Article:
Ottoman Palestine lived for a long period of nearly 400 years under the rule of the Ottoman Empire, where Palestine witnessed harmony and relative peace for a long time.
Palestine entered under Ottoman rule in 1516, and continued until World War I, and witnessed great interest from the Ottoman sultans.
About Ottoman Palestine
Palestine, under Ottoman rule for 400 years, witnessed the greatest era of prosperity and peace. The Ottoman administration always attached great importance to the administration of Palestine, which includes Jerusalem, which is considered the third holy city in Islam after Medina and Mecca.
The Ottoman Empire pursued a policy that guaranteed free religious practice in the holy places. Moreover, the Ottomans were careful not to interfere with the freedom of practice between the various sects and religious sects.
The Ottoman Empire did not give up its efforts to maintain peace and stability in Palestine by all necessary means, whether administrative, military or economic.
The Ottoman Conquest of Palestine
Palestine entered under the rule of the Ottoman Empire after the Battle of Marj Dabiq, during the reign of Sultan Selim I, after the defeat of the Mamluks.
Sultan Suleiman the Magnificent also completed the conquest of the area around Palestine. The first acts of the Ottoman Empire after the conquest of Palestine were:
- Reconstructing the walls of the Al-Aqsa Mosque compound to protect the holy sites
- Renovation and restoration of the Dome of the Rock
- Restoration of the tomb of David
The status of Palestine in the Ottoman era
During the Ottoman period, the land of Palestine was divided into several sanjaks, namely:
- Sanjak of Al-Quds Al-Sharif
- Beersheba district
- Sanjak Gaza
- Hebron District
- Sanjak of Nablus
- Jaffa District
- Nazareth District
The administrative division of Ottoman Palestine changed throughout history, as the division generally settled into two parts, northern Palestine under the rule of the governor of Beirut, and southern Palestine under the rule of the governor of Jerusalem.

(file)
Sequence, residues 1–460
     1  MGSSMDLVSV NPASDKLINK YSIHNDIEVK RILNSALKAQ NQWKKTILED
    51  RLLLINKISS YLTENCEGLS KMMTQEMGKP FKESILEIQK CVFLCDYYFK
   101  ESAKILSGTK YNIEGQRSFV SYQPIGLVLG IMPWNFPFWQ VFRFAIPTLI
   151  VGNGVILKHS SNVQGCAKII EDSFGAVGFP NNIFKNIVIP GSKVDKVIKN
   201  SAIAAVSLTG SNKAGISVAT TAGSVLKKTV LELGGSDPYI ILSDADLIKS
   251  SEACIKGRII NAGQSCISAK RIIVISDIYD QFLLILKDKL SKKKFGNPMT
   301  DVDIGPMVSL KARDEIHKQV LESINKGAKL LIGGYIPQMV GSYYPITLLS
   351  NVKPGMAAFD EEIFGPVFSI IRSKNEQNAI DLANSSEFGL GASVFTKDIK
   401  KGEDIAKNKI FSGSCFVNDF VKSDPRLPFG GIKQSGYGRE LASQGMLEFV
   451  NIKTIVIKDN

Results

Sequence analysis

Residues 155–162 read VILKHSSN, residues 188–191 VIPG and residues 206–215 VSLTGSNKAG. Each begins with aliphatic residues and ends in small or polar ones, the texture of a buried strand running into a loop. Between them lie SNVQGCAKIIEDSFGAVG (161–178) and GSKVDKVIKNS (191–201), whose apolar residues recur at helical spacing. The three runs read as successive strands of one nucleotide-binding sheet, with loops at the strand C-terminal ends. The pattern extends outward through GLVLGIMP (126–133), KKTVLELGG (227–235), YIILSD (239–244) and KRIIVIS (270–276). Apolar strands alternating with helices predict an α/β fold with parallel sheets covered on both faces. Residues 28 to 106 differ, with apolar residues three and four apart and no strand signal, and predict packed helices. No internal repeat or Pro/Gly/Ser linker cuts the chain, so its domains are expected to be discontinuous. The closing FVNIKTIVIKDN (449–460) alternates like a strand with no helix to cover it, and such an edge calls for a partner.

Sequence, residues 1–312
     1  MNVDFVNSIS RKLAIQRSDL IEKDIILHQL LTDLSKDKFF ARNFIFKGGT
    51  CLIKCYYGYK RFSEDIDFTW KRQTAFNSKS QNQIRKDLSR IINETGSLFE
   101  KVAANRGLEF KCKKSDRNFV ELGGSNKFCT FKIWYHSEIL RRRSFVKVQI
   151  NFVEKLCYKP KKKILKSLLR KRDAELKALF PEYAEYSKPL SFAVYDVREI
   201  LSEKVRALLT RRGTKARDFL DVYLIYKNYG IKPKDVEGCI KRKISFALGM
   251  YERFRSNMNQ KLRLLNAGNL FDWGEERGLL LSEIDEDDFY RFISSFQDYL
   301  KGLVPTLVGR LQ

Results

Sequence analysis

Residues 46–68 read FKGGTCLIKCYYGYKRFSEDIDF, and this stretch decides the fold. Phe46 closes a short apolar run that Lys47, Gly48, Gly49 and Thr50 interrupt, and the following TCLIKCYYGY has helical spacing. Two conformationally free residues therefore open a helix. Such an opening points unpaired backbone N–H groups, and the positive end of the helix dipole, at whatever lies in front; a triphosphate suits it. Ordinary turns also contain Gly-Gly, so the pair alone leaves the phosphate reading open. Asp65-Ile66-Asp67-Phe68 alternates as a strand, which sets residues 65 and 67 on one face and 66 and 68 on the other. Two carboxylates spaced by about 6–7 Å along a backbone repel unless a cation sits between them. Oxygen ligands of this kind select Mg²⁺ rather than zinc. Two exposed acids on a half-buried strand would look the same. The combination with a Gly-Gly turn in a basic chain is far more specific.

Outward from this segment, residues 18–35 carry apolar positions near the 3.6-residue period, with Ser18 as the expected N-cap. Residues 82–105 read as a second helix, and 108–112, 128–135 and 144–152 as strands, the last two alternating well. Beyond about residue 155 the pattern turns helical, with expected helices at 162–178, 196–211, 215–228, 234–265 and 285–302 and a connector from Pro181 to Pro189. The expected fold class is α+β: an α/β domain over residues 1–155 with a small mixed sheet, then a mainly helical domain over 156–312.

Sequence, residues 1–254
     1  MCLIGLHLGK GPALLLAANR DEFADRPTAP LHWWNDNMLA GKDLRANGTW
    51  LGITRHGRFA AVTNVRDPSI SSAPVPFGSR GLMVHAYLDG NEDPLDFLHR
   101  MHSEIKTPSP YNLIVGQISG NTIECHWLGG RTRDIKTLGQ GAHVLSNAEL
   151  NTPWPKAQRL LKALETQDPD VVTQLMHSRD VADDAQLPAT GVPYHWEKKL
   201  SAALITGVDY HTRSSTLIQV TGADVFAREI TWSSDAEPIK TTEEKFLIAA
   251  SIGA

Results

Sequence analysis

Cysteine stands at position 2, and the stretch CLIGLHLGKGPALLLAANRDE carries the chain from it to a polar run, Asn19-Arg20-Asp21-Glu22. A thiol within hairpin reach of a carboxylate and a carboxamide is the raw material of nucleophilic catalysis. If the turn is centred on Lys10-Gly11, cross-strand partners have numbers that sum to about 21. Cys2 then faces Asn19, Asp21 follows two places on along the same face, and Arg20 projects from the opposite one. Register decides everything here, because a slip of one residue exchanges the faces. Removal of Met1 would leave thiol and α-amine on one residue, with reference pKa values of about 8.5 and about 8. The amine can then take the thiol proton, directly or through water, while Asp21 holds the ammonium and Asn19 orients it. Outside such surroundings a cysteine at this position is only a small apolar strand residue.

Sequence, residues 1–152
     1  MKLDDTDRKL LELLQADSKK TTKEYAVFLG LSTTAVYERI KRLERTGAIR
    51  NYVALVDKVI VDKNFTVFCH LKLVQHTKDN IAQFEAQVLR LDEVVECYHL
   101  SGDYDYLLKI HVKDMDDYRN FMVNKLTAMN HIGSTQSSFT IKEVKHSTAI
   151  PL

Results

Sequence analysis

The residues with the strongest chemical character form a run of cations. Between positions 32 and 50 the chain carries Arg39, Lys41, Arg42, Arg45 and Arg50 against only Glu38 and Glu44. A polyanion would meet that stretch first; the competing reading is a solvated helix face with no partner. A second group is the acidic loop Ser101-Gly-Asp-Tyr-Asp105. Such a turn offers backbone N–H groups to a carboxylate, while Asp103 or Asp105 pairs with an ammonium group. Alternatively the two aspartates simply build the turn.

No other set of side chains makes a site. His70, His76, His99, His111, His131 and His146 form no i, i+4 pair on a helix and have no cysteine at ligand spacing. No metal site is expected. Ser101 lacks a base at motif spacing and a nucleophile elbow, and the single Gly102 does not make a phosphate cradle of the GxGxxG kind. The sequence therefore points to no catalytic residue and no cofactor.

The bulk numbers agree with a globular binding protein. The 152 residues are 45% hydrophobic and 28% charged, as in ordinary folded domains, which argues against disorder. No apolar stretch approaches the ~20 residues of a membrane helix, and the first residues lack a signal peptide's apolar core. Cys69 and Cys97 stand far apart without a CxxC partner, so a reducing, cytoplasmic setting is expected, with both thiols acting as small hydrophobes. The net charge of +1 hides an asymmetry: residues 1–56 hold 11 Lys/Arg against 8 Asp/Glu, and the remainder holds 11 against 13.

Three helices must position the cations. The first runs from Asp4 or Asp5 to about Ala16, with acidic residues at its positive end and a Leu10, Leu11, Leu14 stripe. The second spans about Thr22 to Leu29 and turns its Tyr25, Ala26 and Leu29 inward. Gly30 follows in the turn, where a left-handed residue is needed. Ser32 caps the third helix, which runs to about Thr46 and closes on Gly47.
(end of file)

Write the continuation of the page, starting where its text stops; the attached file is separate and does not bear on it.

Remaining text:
In 1887, by order of Sultan Abdul Hamid II, who felt the greed of the great powers to control Palestine, Jerusalem was transformed into a governorate directly affiliated with the center of the Ottoman Empire.
The maps show the boundaries of the Jerusalem Mutasarrifate and its overlap with the Levant Province, and with the Mutasarrifate of Beirut and the Sanjak of Syria.
Demography of Ottoman Palestine
Muslim Arabs formed the majority of the population of Ottoman Palestine, as according to the census in 1880, 87% of the population of Palestine were Muslim Arabs.
The majority of Muslims in Palestine in the Ottoman era were Sunnis, and the Druze and Shiites also inhabited Palestine at that time.
The economy of Palestine in the Ottoman era was largely dependent on agriculture, as state lands were given to farmers to take care of.
The lands passed from one generation to the next, until the Land Law was issued in 1858 to grant the inhabitants of Ottoman Palestine ownership deeds for their lands that determine the ownership of each individual.
Christians and Jews living in Palestine at that time were mainly engaged in commerce and lived in cities.
Religious minorities in Ottoman Palestine
The Ottomans showed tolerance for people of other religions in Palestine, as Sultan Selim I issued a decree after the conquest of Palestine granting rights to Christians living in Jerusalem to keep the churches and monasteries and to preserve their money and lifes in accordance with Umar’s Assurance .
The Ottoman Empire worked perfectly to maintain peace in Jerusalem, as the sultans and governors intervened permanently to resolve disputes between Catholics, Orthodox, Greeks, Armenians, Russians, Copts.
Under the rule of the Ottoman Empire, all Christian denominations lived in harmony and stable order.
The Ottomans instituted a system of “Millet” system, which provided legal status and freedom for the various elements of Palestinian society.
Harmony in Palestine under the Ottoman rule was not limited to Muslims and Christians only, but the Jews also lived under the justice of the Ottoman Empire, as many situations show.
Ottoman archive documents show that the Ottoman Empire facilitated the restoration of a synagogue and its expansion to build a larger temple.
Harmony between all parts of Palestinian society continued until the reign of Sultan Abdul Hamid II, when the Zionist movement tried to bring a huge demographic change in Palestine, by encouraging the immigration of Jews in large numbers from all countries of the world in the desire to establish an independent state within the borders of the Ottoman state.
Sultan Abdul Hamid II took many measures to protect the peace and harmony existing for 400 years in Jerusalem, as the Sultan issued many decrees to prevent the massive immigration of Jews aimed at changing the societal structure of Ottoman Palestine.
Several laws were introduced to prevent the immigration of Jews to Palestine.
Despite the desire of European countries to control Palestine during the era of Sultan Abdul Hamid II, this did not affect the Christian minority of Jerusalem, as the Sultan treated the Christians of Jerusalem and Palestine in general, with the same tolerant treatment that his forefathers did.